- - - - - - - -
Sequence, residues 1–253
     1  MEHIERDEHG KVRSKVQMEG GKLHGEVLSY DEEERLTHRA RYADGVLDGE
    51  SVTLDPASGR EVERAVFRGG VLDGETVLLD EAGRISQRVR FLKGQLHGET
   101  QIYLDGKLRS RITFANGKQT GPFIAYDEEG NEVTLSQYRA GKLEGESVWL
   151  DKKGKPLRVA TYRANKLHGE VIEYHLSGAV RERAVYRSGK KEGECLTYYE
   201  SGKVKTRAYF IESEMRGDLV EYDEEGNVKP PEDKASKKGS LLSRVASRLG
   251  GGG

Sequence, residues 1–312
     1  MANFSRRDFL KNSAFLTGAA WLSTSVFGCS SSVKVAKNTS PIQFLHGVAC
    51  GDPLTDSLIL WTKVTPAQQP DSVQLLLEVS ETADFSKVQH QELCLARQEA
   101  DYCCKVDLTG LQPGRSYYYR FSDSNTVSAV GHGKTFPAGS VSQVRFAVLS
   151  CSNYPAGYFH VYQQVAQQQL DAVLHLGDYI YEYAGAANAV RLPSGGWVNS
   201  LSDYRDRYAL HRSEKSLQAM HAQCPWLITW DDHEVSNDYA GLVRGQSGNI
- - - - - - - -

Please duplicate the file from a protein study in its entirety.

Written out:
Sequence, residues 1–253
     1  MEHIERDEHG KVRSKVQMEG GKLHGEVLSY DEEERLTHRA RYADGVLDGE
    51  SVTLDPASGR EVERAVFRGG VLDGETVLLD EAGRISQRVR FLKGQLHGET
   101  QIYLDGKLRS RITFANGKQT GPFIAYDEEG NEVTLSQYRA GKLEGESVWL
   151  DKKGKPLRVA TYRANKLHGE VIEYHLSGAV RERAVYRSGK KEGECLTYYE
   201  SGKVKTRAYF IESEMRGDLV EYDEEGNVKP PEDKASKKGS LLSRVASRLG
   251  GGG

Sequence, residues 1–312
     1  MANFSRRDFL KNSAFLTGAA WLSTSVFGCS SSVKVAKNTS PIQFLHGVAC
    51  GDPLTDSLIL WTKVTPAQQP DSVQLLLEVS ETADFSKVQH QELCLARQEA
   101  DYCCKVDLTG LQPGRSYYYR FSDSNTVSAV GHGKTFPAGS VSQVRFAVLS
   151  CSNYPAGYFH VYQQVAQQQL DAVLHLGDYI YEYAGAANAV RLPSGGWVNS
   201  LSDYRDRYAL HRSEKSLQAM HAQCPWLITW DDHEVSNDYA GLVRGQSGNI